Latinos surveyed about their views on health and healthcare they receive in the U.S. said that diabetes was their No.1 health concern, a shift from previous surveys which suggested that cancer was the major health problem among the Latino community.
In the poll, conducted by NPR/Robert Wood Johnson Foundation/Harvard School of Public Health, 19 percent of respondents say that they were worried about diabetes, while only one in twenty Latinos mentioned cancer. Diabetes was a concern among immigrant and non-immigrant Latinos.
Despite this concern, a little over 50 percent of respondents said they did not have the means to pay for a major illness in the family. Researchers in the past have cited diabetes as a threat for Latino populations in the country. According to the Centers for Disease Control and Prevention, Hispanic adults were 1.7 times more likely to be diagnosed with diabetes than non-Hispanics white adults.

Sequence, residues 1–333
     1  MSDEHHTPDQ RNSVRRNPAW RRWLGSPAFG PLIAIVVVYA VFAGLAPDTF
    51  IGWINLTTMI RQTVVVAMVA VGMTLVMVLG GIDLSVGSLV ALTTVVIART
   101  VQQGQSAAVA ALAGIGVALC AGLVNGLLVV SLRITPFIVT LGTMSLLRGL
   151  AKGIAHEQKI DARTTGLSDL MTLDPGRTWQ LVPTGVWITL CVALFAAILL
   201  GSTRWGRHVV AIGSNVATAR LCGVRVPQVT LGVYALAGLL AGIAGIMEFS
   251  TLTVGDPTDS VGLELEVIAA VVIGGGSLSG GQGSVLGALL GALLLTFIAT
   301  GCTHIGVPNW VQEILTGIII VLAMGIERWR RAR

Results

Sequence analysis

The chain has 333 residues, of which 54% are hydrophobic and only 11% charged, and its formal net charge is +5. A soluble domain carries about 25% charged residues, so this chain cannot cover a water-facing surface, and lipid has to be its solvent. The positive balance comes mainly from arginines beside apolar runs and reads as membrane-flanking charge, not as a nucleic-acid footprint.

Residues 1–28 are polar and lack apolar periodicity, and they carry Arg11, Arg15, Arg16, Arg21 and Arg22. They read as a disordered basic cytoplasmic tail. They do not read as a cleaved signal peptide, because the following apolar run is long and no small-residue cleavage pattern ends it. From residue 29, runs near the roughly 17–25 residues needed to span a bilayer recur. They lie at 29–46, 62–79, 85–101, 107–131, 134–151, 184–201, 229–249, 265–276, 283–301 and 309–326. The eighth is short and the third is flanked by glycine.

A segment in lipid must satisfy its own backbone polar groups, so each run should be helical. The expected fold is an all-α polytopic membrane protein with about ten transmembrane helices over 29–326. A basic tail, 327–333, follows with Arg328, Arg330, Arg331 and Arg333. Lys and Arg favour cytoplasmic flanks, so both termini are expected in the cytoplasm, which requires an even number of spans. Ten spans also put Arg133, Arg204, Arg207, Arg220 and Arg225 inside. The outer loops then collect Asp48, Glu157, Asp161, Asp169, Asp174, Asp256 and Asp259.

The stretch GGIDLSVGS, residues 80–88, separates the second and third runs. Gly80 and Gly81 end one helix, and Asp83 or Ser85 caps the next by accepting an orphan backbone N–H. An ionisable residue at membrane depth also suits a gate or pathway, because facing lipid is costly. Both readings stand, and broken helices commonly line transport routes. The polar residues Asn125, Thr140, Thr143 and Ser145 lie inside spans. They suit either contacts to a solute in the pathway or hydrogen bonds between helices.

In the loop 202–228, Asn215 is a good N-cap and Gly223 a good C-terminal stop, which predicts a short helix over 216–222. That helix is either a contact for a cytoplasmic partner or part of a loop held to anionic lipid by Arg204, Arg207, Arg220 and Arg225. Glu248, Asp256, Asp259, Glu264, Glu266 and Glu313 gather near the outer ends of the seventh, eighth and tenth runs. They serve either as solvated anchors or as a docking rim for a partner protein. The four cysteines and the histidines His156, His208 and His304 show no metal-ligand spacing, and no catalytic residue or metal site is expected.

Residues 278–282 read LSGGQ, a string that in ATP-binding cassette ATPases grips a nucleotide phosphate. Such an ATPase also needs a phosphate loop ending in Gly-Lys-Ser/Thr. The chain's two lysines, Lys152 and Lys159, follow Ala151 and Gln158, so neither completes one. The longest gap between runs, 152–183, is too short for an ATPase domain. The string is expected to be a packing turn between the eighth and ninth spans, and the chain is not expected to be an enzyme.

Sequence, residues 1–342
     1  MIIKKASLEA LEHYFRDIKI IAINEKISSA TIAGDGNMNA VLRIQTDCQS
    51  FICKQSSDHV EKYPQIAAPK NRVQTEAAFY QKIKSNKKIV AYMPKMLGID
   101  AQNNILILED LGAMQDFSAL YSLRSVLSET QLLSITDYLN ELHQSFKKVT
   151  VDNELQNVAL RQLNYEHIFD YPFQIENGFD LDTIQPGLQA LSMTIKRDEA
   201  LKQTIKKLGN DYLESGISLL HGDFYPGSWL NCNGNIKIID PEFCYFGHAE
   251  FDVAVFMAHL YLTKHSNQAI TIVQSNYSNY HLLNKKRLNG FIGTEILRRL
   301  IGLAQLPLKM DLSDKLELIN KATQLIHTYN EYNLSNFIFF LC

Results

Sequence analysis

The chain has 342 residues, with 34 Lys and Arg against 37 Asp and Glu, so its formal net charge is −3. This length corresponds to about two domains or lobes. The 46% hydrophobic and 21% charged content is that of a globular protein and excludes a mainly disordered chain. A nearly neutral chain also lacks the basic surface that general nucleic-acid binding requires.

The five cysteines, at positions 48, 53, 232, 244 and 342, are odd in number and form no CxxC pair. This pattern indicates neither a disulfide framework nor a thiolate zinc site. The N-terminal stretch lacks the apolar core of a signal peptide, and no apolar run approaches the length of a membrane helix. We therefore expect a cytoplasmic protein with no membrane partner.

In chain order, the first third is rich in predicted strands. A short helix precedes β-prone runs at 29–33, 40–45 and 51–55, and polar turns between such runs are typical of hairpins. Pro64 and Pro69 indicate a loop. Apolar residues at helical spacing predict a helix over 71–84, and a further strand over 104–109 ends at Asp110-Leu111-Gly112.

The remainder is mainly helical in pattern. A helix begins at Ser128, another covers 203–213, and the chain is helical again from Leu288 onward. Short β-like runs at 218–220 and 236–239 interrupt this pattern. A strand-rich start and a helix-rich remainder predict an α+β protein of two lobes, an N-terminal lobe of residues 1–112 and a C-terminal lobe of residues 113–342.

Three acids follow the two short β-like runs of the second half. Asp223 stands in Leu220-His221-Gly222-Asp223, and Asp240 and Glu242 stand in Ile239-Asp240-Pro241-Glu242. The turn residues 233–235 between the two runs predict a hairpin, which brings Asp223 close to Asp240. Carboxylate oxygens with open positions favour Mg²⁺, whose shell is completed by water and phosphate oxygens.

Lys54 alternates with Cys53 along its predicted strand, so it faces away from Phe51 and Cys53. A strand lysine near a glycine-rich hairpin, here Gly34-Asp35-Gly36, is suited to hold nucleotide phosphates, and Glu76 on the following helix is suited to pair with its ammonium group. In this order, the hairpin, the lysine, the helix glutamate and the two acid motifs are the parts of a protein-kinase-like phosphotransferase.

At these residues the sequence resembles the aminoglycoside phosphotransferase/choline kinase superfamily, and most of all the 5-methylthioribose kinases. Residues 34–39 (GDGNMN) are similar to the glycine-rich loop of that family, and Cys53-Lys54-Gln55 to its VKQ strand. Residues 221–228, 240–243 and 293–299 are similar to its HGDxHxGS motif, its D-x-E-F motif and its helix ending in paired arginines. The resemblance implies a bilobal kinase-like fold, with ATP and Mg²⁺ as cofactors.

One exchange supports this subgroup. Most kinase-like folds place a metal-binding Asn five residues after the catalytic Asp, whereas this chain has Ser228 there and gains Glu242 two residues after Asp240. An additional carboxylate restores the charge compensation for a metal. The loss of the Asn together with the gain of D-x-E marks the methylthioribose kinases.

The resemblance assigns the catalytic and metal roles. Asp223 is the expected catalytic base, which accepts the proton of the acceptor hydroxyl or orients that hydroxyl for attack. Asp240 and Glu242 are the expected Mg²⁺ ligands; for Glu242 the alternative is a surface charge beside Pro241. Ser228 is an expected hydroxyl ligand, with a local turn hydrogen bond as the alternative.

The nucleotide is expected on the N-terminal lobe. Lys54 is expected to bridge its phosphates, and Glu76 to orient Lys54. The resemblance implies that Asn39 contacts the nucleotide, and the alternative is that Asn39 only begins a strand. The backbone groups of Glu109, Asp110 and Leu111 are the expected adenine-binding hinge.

The poll surveyed Latinos with Mexican, Puerto Rican, Cuban, Dominican, South American and Central American heritage. Of those who received healthcare in the last 12 months, 19 percent said the services they received was poor or fair.
When asked about the communities they reside in, a majority of Latinos were unhappy with the quality of available housing, safety in their communities and transportation facilities.
[Harvard School of Public Health]